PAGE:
30 Oct GDPR & Data Breach Claims in Ireland
The General Data Protection Regulation (GDPR) is a piece of European legislation that came into force across the EU on 25th May 2018. It is mirrored by an Irish piece of legislation the Data Protection Act 2018, most of which also came into effect on 25th May 2018.
Its primary purpose is to provide rights to “data subjects” concerning their “personal data”. The term “personal data” is defined as meaning any information concerning or relating to a living person who is either identified or identifiable (such a person is referred to as a “data subject”).
An individual could be identified, directly or indirectly, by reference to an identifier such as a name, an identification number, location data, an online identifier (such as an IP address) or to one or more factors specific to the physical, physiological, genetic, mental, economic, cultural or social identity of that individual.
Rights of a Data Subject
As the General Data Protection Regulations (GDPR) and the Data Protection Act 2018 (the 2018 Act) come into force over five years ago, many will be aware of their rights as data subjects under GDPR and the 2018 Act.
The right of a data subject to claim compensation for a breach of their personal data is enshrined in Article 82 of the GDPR and Section 117 of the 2018 Act. In particular Article 82 provides that;-
- “Any person who has suffered material or non-material damage as a result of an infringement of this regulation shall have the right to receive compensation from the controller or processer from the damage suffered.”
A personal data breach is defined under Article 4 of GDPR as:-
- “A breach of security leading to the accidental or unlawful destruction, loss, alteration, unauthorised disclosure of, or access to personal data transmitted, stored or otherwise processed.”
Further personal data is defined as:-
- “Any information relating to an identified or identifiable natural personal (‘data subject’) ….who can be identified, directly or indirectly, .in particular by reference to an identifier such as a name, an identification number, location data, online identifier or to one or more factors specific to the physiological, genetic, mental, economic, cultural or social identify of the natural person.”
Similarly, Section 117 (1) of the 2018 Act allows a data subject to bring an action against a data controller or processer where his/her rights have been infringed as a result of the processing of his/ her personal data.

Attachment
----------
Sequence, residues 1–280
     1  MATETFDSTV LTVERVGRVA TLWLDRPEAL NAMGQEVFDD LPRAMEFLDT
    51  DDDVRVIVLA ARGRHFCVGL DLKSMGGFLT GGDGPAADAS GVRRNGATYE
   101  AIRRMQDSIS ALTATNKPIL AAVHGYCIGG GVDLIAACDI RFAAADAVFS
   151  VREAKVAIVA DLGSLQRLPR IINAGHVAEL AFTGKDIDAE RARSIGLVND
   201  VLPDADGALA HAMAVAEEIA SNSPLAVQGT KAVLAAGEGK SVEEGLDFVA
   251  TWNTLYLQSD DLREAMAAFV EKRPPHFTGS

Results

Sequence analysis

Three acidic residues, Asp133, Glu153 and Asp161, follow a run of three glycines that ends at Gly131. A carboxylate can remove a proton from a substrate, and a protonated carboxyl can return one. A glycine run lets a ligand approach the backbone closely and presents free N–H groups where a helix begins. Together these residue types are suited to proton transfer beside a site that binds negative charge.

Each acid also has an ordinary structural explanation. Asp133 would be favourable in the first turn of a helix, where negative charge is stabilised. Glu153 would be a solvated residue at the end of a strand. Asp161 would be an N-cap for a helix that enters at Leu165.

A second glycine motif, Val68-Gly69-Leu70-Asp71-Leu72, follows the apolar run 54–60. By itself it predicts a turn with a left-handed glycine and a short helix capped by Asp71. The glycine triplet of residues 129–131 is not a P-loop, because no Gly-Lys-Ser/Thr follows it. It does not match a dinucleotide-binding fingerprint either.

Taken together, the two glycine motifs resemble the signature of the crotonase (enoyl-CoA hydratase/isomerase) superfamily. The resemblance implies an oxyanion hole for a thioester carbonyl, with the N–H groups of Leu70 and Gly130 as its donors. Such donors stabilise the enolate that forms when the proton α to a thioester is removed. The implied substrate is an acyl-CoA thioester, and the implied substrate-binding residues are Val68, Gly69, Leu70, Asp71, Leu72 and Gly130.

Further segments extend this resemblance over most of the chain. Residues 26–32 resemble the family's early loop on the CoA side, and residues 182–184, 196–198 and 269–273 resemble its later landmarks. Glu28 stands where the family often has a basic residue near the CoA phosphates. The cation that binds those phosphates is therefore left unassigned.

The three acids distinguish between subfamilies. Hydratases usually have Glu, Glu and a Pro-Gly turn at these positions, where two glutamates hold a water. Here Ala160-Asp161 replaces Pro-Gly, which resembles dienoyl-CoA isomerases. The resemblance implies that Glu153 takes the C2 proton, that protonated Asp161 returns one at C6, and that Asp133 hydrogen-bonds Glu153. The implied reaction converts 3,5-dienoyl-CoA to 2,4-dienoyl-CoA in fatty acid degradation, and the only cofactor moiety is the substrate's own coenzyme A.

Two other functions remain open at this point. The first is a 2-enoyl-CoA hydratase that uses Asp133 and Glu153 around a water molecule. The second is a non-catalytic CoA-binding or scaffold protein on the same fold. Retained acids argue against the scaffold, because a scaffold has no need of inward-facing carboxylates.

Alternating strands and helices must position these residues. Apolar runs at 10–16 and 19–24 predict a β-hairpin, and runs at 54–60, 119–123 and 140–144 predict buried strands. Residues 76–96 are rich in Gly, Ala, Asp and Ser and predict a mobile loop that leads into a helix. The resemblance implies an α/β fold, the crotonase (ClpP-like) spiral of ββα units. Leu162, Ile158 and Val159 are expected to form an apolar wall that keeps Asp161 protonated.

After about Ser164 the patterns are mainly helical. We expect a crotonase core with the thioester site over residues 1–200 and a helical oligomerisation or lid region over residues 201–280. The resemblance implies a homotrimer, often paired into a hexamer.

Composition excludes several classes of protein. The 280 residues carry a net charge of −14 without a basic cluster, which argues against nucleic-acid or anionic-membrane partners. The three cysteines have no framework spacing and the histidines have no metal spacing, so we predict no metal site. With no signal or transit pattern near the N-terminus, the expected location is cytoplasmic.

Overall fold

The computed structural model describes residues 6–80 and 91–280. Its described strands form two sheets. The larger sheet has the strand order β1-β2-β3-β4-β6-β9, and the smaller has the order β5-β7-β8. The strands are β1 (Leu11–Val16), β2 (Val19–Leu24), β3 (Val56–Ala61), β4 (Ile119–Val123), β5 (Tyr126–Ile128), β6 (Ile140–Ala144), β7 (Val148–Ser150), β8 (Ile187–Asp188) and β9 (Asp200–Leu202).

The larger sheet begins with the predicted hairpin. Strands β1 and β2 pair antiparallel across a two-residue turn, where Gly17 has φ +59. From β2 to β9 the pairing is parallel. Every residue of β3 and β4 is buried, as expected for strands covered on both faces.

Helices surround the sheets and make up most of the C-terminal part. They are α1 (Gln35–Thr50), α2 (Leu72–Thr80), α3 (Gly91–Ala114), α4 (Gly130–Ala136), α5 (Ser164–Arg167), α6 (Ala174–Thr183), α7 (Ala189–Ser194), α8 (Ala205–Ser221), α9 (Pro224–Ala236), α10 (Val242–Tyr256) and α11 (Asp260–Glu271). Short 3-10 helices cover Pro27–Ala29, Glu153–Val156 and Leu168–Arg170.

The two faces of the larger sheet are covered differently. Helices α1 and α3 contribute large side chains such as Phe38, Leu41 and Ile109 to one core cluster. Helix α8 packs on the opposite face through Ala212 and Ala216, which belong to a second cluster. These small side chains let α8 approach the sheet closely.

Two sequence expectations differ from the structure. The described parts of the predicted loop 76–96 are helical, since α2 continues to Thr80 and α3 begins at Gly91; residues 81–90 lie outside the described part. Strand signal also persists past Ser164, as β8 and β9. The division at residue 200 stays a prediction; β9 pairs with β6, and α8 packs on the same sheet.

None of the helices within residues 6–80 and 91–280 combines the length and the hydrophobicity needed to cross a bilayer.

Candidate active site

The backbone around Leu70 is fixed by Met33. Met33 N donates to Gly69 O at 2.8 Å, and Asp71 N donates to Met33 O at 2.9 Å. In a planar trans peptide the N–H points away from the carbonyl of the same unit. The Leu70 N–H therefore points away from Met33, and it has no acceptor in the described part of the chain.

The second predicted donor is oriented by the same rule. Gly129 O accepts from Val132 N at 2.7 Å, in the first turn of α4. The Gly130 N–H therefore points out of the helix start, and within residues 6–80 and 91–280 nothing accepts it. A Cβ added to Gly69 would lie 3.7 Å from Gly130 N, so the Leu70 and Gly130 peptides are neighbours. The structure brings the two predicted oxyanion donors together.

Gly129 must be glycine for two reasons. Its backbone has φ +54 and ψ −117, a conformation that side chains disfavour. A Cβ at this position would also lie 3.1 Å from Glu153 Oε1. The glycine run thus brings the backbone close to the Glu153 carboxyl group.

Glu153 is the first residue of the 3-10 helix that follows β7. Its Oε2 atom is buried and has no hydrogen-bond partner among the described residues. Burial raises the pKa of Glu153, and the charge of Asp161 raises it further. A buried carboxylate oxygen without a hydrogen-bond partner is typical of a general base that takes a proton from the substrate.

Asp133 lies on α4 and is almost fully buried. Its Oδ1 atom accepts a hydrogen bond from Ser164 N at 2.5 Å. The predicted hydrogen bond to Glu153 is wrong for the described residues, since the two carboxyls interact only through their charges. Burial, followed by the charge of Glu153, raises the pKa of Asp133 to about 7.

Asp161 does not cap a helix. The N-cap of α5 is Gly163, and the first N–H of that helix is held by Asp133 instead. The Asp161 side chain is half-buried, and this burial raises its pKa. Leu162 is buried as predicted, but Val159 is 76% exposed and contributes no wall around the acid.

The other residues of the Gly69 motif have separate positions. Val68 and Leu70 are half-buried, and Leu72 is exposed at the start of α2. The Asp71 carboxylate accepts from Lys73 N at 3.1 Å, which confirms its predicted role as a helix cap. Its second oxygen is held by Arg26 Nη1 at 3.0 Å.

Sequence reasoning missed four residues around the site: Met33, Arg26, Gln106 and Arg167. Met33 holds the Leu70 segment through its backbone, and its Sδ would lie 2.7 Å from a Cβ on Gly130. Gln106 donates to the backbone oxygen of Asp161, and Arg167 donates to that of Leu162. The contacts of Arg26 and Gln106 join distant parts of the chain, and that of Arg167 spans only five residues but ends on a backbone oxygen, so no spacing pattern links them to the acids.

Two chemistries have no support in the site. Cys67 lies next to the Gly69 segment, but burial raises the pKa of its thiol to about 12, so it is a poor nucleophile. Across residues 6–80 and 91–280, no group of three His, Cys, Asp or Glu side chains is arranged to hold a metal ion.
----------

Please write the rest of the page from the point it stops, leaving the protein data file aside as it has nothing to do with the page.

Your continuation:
Section 117 (4) allows a data subject to seek, inter alia, compensation for any material or non-material damage (s) as a result of the breach.
While a data subject is entitled to seek compensation for a data breach there has been a lack of guidance in the Irish Courts as to what compensation a person may be entitled to in the event of a data breach and whether they are entitled to compensation for material or non-material damage.
The EU Position
In the case of UI v Österreichische Post AG (C-300/21), the Austrian postal service labelled an individual as having right wing political views as an extrapolation from data it held. It sold lists of persons thought to have an affinity for various political parties to organisations to enable them to send targeted advertising. He claimed damages for breach of GDPR for upset and exposure, though he had not suffered any monetary loss. The Austrian Supreme Court referred three questions to the CJEU seeking clarification on the scope of compensation for non-material damage including whether a data subject is entitled to damages for the mere infringement of the provisions of the GDPR and whether a data subject suffered harm. In particular the Austrian Supreme Court sought clarification on the below points;
- Is the mere breach of provisions of the GDPR in and of itself sufficient for the award of damages.
- In addition to the principles of effectiveness and equivalence does EU Law impose further requirements that National Courts must observe when assessing damages under Article 82.
- Does non-material damage require an impairment (or other consequence of the infringement of at least some weight) that goes beyond the annoyance caused by the infringement.
The claimant in that case sought compensation of a €1,000.00 from Österreichische Post AG for non-material damage arising from a breach of its personal data rights.
The Advocate General provided an opinion in October 2022 which advised that GDPR infringements do not themselves warrant compensation and non-material damage should meet a minimum threshold of seriousness. The level of compensation is a matter for law of the Member States.
The Court of Justice of the European Union in its decision of 4th May 2023 held that:-
- There is no automatic right to compensation once an infringement is proven.
- However, there is no minimum threshold for damage in order to justify an award of compensation and that damage should be broadly interpreted to fully reflect the objectives of the Regulation.
- The amount of damages payable is to be determined by a national court applying domestic rules of each Member State.
Irish Position – The Kaminski Decision
A recent decision of the Circuit Court in a case of Kaminski v Ballymaguire Foods Limited (2023) IECC 5 of Judge O’Connor has clarified the Irish position. In this case the Plaintiff issued proceedings against his employer pursuant to Section 117 of the 2018 Act for breach of the 2018 Act and Article 82 GDPR seeking damages for non-material loss.
A data breach arose when the Defendant showed CCTV footage of the Plaintiff to other employees in a meeting with managers, the purpose of which was to address incidents of poor food safety practice and to highlight food quality and safety issues that needed to be addressed for the purpose of identifying corrective actions.